"I saw also the relationship between two popes ... I saw how baleful would be the consequences of this false church. I saw it increase in size; heretics of every kind came into the city of Rome. The local clergy grew lukewarm, and I saw a great darkness...
"I had another vision of the great tribulation. It seems to me that a concession was demanded from the clergy which could not be granted. I saw many older priests, especially one, who wept bitterly. A few younger ones were also weeping. But others, and the lukewarm among them, readily did what was demanded. It was as if people were splitting into two camps."
"I see the Holy Father in great anguish. He lives in a palace other than before and he admits only a limited number of friends near him. I fear that the Holy Father will suffer many more trials before he dies.
"I see that the false Church of darkness is making progress and I see the dreadful influence it has on the people. The Holy Father and the Church are verily in so great a distress that one must implore God night and day…”
I don't usually talk about my own religious experiences or practice, really. I never could stand this nauseating, trendy nonsense of "faith sharing" or, as I like to call it, "indiscriminately blabbing all over the place details of the most intimate and private relationship imaginable". But here is one I will share, given the current circs.
Many years ago, I lived in Halifax, Nova Scotia, and was going through an excruciating process of re-entering the practice of the Faith. During that time, I was Devout. I prayed a lot. I went to Mass every day if I could. I went to confession a great deal. I hung out with other Devout people, and I read a lot of books about the Faith. It was at this time I discovered Peter Kreeft, who sometimes still gets a mention around here. He helped to walk me logically through the process. I think I read nearly every book he wrote up to that point. Kreeft introduced me to Thomas, and the rest, as they say...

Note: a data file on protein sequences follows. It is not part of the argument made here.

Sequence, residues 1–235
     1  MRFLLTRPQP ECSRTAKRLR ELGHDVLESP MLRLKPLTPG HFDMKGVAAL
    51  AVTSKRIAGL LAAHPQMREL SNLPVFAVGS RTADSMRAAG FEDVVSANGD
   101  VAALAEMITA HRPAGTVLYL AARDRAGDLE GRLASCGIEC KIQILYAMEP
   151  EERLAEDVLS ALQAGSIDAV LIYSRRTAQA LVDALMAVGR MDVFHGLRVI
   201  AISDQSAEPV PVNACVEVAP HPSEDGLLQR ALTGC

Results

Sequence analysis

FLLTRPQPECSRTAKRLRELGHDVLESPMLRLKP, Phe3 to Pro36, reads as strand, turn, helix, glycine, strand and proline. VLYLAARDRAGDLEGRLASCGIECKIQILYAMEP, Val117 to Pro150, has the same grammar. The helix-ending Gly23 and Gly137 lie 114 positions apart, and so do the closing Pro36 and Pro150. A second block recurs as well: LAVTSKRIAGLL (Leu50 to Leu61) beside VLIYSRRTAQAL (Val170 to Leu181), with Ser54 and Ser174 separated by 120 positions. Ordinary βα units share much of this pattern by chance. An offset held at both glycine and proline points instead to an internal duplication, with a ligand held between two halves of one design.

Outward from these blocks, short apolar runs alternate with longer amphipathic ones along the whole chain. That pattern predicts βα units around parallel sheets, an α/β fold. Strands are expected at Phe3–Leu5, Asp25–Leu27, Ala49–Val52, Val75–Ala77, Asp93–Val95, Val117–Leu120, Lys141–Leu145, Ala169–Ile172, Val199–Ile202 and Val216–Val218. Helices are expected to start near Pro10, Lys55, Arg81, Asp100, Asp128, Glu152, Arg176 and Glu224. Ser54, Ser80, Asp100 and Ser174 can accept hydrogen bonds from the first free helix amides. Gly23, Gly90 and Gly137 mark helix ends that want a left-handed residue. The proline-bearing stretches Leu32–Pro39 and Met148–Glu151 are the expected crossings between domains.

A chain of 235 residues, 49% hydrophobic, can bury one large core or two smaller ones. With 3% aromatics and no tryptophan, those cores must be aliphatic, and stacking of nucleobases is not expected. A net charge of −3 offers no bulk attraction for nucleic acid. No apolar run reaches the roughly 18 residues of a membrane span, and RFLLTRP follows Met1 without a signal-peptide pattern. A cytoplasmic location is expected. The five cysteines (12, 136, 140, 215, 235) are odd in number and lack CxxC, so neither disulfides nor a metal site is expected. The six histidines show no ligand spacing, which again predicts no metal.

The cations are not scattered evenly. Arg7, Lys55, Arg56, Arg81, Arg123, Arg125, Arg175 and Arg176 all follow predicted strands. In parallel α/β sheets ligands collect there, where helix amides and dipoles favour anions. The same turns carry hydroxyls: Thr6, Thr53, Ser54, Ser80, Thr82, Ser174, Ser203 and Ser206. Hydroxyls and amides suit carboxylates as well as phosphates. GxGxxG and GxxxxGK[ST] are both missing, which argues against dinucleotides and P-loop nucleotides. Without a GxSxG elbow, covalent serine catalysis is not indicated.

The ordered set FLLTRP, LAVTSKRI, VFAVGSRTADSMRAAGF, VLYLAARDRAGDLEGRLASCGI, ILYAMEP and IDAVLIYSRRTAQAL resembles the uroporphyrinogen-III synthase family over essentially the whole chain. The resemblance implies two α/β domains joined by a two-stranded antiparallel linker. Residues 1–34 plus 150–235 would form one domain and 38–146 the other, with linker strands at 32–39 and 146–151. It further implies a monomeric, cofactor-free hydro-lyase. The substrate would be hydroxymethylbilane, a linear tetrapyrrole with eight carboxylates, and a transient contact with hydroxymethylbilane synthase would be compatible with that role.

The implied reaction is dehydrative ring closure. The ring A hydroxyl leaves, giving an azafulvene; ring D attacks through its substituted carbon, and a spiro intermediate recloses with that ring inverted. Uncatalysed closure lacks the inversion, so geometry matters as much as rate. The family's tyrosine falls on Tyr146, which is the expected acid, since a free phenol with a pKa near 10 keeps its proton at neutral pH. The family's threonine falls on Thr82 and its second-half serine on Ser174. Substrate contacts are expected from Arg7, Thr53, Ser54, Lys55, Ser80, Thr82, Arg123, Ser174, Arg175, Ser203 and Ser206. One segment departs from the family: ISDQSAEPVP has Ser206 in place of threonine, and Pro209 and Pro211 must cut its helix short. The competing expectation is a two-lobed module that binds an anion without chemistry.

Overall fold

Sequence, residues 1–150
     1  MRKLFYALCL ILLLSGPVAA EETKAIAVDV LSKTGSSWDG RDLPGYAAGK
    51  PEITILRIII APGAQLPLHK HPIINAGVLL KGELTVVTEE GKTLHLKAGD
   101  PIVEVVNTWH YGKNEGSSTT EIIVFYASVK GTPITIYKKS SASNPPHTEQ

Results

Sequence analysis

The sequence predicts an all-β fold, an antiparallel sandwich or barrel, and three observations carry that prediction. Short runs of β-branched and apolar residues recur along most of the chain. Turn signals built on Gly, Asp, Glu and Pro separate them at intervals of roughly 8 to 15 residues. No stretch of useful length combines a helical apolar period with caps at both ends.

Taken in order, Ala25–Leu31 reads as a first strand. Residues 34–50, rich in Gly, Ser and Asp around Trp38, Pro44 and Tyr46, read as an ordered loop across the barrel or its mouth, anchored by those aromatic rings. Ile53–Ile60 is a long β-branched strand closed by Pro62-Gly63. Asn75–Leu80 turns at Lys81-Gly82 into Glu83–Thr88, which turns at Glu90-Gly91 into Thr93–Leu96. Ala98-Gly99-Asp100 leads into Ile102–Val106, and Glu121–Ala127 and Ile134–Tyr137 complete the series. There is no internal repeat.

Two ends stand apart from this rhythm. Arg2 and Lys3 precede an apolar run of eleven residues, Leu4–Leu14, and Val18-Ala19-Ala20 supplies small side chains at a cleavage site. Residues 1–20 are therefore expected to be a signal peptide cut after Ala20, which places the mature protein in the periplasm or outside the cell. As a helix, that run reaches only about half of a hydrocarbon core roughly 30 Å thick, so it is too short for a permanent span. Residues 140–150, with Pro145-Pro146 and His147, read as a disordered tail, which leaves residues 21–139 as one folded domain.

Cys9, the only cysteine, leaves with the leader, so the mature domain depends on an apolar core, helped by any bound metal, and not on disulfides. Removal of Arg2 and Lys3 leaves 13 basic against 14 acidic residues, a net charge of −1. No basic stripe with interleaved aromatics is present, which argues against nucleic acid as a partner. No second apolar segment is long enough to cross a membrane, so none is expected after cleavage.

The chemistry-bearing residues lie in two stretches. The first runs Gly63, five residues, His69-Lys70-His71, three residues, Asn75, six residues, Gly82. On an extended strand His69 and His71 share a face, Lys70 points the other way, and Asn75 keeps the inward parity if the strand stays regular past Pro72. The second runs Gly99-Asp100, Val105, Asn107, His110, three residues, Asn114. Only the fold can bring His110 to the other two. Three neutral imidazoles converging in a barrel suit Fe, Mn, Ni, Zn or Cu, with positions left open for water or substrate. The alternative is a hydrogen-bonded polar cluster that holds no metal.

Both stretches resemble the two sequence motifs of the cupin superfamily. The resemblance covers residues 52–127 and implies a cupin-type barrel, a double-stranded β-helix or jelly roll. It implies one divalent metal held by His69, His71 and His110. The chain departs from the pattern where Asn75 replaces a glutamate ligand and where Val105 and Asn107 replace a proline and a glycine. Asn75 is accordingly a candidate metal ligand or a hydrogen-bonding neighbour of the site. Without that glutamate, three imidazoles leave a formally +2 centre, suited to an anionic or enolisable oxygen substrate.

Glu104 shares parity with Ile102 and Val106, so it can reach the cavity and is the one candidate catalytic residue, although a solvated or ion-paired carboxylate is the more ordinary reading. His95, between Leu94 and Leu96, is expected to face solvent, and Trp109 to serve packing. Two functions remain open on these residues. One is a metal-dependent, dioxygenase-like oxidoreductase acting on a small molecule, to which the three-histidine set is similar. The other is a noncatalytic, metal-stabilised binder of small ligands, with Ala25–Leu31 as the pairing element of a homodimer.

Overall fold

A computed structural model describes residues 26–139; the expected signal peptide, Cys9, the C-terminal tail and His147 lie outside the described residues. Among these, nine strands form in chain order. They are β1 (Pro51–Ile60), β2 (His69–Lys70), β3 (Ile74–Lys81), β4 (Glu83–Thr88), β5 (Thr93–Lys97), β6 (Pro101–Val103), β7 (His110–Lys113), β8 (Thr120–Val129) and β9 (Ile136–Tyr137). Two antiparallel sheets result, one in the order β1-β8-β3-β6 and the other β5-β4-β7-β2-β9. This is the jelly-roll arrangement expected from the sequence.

However, I never really cottoned on to much of the "spooky" end of things. The Eucharist simply seemed to me a no-brainer. Of course the bread can become the body, blood, soul and divinity of the Son of God and feed us. What's the problem? Angels, demons, miracles, walking on water, bilocation, incorruptibility, liquefaction... it all just seemed perfectly sensible. Hardly even worth remarking on.
Where I drew the line was with all this "charismatic" nonsense. One could not simply work oneself up into a lather of emotional fervour and call it spirituality or "gifts of the Spirit". It was nothing but a bunch of enthusiastic, self-generated, egotism and pseudo-mystical rubbish. When one was praying, one did not get "words". I thought then, and still think even more now, that such things betrayed a childish (not, mind you, "child-like") faith, and the people who indulged in these festivals of egoism needed to grow up.
Thus, imagine my surprise when I was sitting in my usual back pew at St. Mary's Basilica one afternoon, reading my Breeve, and the name "Anne Catherine Emmerich" suddenly popped in there. I had heard the name of course, she was one of these visionaries. Beyond that, I thought it very suspect. But there it was: unmistakable.
I did not immediately go out and buy the book, however. It was not for a few years that I started just happening across her stuff now and then, here and there, as you do.
Many years after that, I was living in Toronto in the house of the late, great John Muggeridge, and we were having our little evening sit-down. It was our little unofficial prayer time. We would say the Rosary, and I would read aloud something spiritual of his choosing. One day, the book was the Dolorous Passion of Our Lord by Anne Catherine Emmerich. We got to the bit where she said that the angel told her that Stan would be released "50 or 60 years before the year of Our Lord 2000" and John, who had been sitting back in his chair listening with his eyes closed, suddenly sat up and said, "What was that?!" "I'll just read it again, shall I?" "Yes please."
After that, I started paying more attention to her.